- James Gleick, who wrote a biography of Isaac Newton, describes the reclusive scientist as “antisocial, unpleasant and bitter.” Newton fought with his friends “as much as with his enemies,” Gleick says. In contrast, Richard Feynman, the subject of another Gleick biography, was “gregarious, funny, a great dancer.” The superficial differences between the men go on and on. “Isaac Newton, I believe, never had sex,” Gleick says. “Richard Feynman, I believe, had plenty.”
- So what could these two men possibly have in common? According to Gleick, when it came to making the great discoveries of science, both men were alone in their heads. This also applies to great geniuses like Charles Babbage, Alan Turing and Ada Byron.
- “They all had the ability to concentrate with a sort of intensity that is hard for mortals like me to grasp,” Gleick says, “a kind of passion for abstraction that doesn’t lend itself to easy communication.”
JAMES GLEICK: I'm tempted to say smart, creative people have no particularly different set of character traits than the rest of us, except for being smart and creative and those being character traits. And then on the other hand, I wrote a biography of Richard Feynman and a biography of Isaac Newton. Now there are two rate scientific geniuses whose characters were in some superficial ways, completely different. Isaac Newton was solitary, antisocial, I think unpleasant, um, bitter fought with his friends as much as with his enemies. Richard Feynman was gregarious. Funny, a great dancer, uh, loved women. Um, Isaac Newton, I believe never had sex. Richard Feynman, I believe had plenty. Um, so you can't generalize there. On the other hand, they were both, as I tried to get in their heads, understand their minds, the, the nature of their genius. I sort of felt I was seeing things that they had in common and, and they were things that had to do with aloneness.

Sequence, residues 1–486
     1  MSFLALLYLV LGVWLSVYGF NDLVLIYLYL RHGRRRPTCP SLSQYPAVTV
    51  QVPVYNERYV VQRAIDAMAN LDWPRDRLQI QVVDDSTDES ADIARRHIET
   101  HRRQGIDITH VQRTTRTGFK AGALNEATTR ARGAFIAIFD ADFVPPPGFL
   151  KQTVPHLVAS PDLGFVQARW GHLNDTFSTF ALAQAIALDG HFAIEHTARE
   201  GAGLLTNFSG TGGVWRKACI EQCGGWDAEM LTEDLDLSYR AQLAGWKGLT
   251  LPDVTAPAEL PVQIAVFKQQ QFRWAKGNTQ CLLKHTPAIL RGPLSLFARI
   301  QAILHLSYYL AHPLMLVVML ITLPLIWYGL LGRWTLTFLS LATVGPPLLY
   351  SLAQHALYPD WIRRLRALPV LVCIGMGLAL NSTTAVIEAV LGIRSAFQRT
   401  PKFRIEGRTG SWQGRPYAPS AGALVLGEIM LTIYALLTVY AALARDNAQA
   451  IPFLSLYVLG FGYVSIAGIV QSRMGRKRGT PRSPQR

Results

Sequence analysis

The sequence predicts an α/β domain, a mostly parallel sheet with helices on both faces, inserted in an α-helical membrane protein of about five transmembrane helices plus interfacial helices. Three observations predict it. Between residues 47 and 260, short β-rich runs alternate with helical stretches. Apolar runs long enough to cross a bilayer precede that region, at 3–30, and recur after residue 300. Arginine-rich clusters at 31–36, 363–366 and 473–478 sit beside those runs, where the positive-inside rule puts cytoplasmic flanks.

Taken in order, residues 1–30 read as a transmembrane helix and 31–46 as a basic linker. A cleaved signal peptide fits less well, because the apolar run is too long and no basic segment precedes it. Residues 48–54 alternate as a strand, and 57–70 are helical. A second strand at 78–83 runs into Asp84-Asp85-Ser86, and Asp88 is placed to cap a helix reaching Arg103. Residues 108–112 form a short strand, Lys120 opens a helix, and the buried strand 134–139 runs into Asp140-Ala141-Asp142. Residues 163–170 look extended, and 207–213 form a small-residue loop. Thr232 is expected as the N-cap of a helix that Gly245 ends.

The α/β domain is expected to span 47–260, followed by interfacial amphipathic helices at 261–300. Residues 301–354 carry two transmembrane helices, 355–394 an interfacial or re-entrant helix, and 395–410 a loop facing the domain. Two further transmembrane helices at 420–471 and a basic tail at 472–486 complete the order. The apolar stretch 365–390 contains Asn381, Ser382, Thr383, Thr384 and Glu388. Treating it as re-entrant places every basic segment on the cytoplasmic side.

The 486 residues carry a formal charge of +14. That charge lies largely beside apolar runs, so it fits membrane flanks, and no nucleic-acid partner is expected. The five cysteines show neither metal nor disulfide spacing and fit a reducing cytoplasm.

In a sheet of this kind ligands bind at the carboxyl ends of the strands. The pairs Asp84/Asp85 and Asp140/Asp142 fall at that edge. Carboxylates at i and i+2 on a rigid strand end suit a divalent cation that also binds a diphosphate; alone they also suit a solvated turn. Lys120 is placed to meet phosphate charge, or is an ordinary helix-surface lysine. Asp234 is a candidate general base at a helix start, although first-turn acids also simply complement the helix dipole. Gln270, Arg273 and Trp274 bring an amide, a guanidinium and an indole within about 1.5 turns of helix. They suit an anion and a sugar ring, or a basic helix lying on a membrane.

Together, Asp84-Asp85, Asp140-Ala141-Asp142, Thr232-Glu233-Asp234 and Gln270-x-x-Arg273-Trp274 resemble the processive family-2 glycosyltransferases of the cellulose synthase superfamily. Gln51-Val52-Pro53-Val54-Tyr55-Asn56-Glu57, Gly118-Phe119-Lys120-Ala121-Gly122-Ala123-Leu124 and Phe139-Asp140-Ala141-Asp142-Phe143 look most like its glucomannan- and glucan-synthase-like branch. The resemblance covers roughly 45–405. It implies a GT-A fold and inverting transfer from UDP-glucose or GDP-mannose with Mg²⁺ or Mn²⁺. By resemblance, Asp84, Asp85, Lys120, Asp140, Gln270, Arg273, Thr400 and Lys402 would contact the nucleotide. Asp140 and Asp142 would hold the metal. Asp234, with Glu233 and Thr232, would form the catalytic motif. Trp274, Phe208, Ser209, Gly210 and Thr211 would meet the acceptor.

Um, Newton was much more obviously alone than Feynman, but Feynman didn't particularly work well with others. Uh, he was known as a great teacher, but he wasn't a great teacher. I don't think one on one. I think he was a great lecturer. I think he was a great communicator, but when it came time to make the great discoveries of science, he was alone in his head. And now I'm talking to, when I say he, I mean, both Feynman and Newton and this applies also, I think, to the, the geniuses, um, that I write about in information, Charles Babbage, Alan Toing, ADA, Byron, they all had the ability to concentrate with a sort of intensity that is, um, hard for mortals like me to grasp a kind of, uh, passion for abstraction, uh, that doesn't lend itself to easy communication. I don't think.